These days, it seems like you can’t turn on the TV or surf the Web without coming across yet another new cancer report. It’s overwhelming and often confusing: For instance, one day we hear that wine is good for heart health, but the next we learn that too much is a risk factor for breast cancer. What to do but just drink a toast to luck? Seriously, who can keep up? All this back and forth raises a lot of questions for the editors here at SELF, and we figured it must have the same effect on our readers. So we asked women to send us their top cancer-related concerns, then took them to the experts for clarification. The good news: All that new research we keep hearing about, baffling though it may be, is yielding some clear—and reassuring—answers.
A: Despite scary headlines, rates of many cancers are going down in this country, Michael Thun, M.D., an epidemiologist at the American Cancer Society in Atlanta, assured us. Breast cancer incidence rates have dropped 11 percent since 1999; experts say that’s because women stopped using hormone-replacement therapy after studies linked it to cancer. Fewer women have had colon cancer over the past two decades thanks to better screening. And ovarian and uterine cancers are less common because women are taking birth control pills for longer periods of time. (The Pill prevents ovulation, which is thought to trigger cell damage and raise the risk for tumors.) More encouraging news: If you do get cancer, you’re more likely to beat it. Breast cancer death rates are down 30 percent, thanks to earlier detection and better treatments. And five-year survival rates for all cancers are up almost 20 percent. With research and advocacy, we can lower those numbers more every day.
A: In this case, it’s valid to be concerned. BPA, a chemical often found in plastic water and baby bottles and metal cans—even cash register receipts—has been linked to increased risk for breast cancer and heart disease. “BPA acts as a weak estrogen, which can spur the growth of cancerous cells,” says Hugh Taylor, M.D., professor of obstetrics, gynecology and reproductive sciences at Yale University Medical Center. Whenever possible, give plastic water bottles a pass and sip from glass or steel containers instead (I often choose a metal commuter cup); use baby bottles that are labeled BPA-free (fortunately these are widely available); and avoid plastics with the code 7 on the bottom—those are more likely to contain BPA. Also, opt for fresh or frozen foods instead of canned ones (most cans are lined with BPA-epoxy liner), and wash your hands after handling receipts.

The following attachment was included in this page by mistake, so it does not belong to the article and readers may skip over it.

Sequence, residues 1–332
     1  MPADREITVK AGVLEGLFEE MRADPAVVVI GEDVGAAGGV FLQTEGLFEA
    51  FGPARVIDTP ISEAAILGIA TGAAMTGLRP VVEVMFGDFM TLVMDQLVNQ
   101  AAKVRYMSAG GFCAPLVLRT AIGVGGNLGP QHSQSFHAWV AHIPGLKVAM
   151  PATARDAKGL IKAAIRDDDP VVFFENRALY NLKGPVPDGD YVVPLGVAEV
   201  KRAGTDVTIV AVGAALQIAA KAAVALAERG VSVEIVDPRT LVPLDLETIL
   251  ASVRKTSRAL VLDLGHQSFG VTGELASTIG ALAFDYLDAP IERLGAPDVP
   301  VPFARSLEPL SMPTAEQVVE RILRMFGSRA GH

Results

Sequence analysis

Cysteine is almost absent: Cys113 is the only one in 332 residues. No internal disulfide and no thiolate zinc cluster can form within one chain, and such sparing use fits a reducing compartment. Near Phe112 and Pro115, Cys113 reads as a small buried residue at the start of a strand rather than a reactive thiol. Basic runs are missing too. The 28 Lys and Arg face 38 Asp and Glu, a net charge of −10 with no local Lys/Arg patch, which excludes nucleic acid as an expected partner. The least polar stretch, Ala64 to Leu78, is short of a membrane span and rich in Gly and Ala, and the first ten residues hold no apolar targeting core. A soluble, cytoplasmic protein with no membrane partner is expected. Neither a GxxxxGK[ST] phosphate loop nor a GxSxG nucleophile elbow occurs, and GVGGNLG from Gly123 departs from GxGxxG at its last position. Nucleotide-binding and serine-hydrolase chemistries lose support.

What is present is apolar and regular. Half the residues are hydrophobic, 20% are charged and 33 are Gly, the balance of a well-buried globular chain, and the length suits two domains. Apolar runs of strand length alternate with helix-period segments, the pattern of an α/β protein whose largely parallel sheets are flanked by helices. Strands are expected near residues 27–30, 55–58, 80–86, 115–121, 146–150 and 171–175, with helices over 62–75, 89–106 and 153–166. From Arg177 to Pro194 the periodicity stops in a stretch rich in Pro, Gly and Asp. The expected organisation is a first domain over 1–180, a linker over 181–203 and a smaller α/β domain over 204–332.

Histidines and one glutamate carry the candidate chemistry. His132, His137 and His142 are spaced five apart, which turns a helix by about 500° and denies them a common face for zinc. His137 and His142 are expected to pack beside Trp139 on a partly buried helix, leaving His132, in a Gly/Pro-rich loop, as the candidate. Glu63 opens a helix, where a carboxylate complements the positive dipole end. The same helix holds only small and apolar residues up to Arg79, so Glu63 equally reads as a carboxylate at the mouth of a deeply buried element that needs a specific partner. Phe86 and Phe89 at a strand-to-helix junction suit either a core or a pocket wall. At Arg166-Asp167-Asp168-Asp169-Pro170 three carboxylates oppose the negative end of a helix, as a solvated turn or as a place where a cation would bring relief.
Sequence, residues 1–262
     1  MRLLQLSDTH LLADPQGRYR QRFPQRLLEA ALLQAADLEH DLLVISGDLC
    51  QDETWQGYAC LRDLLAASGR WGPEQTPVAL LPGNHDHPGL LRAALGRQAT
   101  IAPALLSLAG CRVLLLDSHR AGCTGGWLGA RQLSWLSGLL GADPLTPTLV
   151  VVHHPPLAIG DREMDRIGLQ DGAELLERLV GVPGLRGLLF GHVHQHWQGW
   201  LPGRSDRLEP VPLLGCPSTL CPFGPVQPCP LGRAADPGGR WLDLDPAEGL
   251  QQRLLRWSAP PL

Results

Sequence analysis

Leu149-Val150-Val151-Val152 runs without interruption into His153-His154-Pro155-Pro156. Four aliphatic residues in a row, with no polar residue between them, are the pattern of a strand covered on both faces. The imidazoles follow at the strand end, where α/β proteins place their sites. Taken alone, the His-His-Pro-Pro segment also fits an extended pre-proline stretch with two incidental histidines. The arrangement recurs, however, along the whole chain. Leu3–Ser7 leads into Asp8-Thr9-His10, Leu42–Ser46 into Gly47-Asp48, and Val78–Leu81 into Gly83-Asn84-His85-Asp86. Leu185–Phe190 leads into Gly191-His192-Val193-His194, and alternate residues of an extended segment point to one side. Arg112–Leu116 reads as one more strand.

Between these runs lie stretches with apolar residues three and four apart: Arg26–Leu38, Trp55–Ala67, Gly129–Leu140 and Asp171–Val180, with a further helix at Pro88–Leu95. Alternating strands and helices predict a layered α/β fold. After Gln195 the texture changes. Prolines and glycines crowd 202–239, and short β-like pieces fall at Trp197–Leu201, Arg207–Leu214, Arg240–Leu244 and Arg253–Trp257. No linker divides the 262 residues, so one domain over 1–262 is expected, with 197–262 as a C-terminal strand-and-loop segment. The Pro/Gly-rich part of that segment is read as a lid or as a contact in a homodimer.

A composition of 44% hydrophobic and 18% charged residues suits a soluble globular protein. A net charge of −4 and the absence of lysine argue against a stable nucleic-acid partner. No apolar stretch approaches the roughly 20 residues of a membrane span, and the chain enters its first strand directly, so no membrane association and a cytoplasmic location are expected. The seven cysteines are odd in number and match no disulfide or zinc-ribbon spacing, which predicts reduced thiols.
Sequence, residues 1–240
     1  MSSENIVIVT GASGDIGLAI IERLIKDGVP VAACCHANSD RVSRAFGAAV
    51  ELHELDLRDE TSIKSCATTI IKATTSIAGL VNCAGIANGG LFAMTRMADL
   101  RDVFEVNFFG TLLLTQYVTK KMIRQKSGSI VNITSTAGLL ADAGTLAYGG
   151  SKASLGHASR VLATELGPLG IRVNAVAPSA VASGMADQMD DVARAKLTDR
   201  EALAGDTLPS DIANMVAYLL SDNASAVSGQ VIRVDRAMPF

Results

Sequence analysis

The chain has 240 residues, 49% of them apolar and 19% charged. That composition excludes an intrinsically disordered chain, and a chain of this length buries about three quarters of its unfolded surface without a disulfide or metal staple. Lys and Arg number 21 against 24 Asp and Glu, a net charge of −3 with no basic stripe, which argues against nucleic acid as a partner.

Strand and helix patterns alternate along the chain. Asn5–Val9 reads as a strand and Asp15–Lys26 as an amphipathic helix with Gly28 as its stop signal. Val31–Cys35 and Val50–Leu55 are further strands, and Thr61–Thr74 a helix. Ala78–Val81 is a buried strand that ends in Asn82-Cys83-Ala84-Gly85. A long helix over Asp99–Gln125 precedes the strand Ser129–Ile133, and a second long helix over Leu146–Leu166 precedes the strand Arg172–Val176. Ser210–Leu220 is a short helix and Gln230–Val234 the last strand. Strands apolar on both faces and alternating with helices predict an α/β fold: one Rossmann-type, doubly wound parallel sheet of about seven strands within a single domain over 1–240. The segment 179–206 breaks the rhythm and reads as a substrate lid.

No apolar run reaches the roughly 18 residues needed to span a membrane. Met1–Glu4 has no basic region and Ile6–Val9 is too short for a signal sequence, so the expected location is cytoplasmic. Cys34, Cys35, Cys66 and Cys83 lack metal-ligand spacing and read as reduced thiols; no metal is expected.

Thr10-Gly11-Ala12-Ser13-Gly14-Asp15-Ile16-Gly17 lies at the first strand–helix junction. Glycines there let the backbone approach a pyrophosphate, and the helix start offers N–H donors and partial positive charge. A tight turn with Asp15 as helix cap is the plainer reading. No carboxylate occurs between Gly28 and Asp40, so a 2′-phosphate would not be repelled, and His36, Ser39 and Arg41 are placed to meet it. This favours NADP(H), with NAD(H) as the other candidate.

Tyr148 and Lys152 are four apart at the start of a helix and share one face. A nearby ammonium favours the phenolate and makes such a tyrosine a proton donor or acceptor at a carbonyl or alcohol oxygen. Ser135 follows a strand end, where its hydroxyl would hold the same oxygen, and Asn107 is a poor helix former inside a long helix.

A: People who consistently eat a diet high in fruit and vegetables have lower cancer risk—whether the produce is organic or not, according to David Katz, M.D., director of the Yale Prevention Research Center in New Haven, Connecticut. That said, Dr. Katz does think it makes sense to keep pesticide exposure to a minimum, because experts aren’t sure how—if at all—it affects cancer risk. About 3 percent of domestic products and 4 percent of imported products had pesticide levels of concern, according to a 2007 FDA report. Some items such as apples, bell peppers and spinach contain higher levels of pesticides than others, possibly because they have more permeable skin or more is taken in through their root systems, so use our shopping list the next time you hit the grocery store for guidance on when it’s best to opt for organic.
A: Sunscreen is still a must. Period. But controversy flared after a report by the Environmental Working Group claimed that 41 percent of sunscreens contain a form of vitamin A (retinyl palmitate) that may speed the development of skin tumors and lesions when exposed to...sunlight! The American Academy of Dermatology criticized the analysis because the data was from research conducted on mice, and it’s unclear if it’s applicable to humans. Not all sunscreens contain the chemical in question, so if you’re concerned, opt for those made with zinc oxide, titanium dioxide or Mexoryl. Bonus: These ingredients are less likely to break down than others, so the protection lasts longer.
A: Not exactly, but your risk for skin cancer, including melanoma, dramatically increases if you have had five or more severe sunburns that blister. “The more sun exposure you get, the more DNA damage to your skin, which can lead to cancerous changes,” explains Kevin Pinski, M.D., associate professor of dermatology at Northwestern University Medical School. It’s not only burning that puts you at risk. Cumulative exposure ( repeated sunbathing without burning) is linked to basal cell and squamous cell carcinomas. You can’t reverse all your past exposure, but you can prevent future damage: Wear protective clothing (like long sleeves) and get your tan from a tube, not a tanning bed! Remember: The only safe tan is a fake tan.
Don’t see your top cancer-related question here? Go to Self.com, or send your queries to firstname.lastname@example.org and we’ll try to answer them in a future issue of SELF!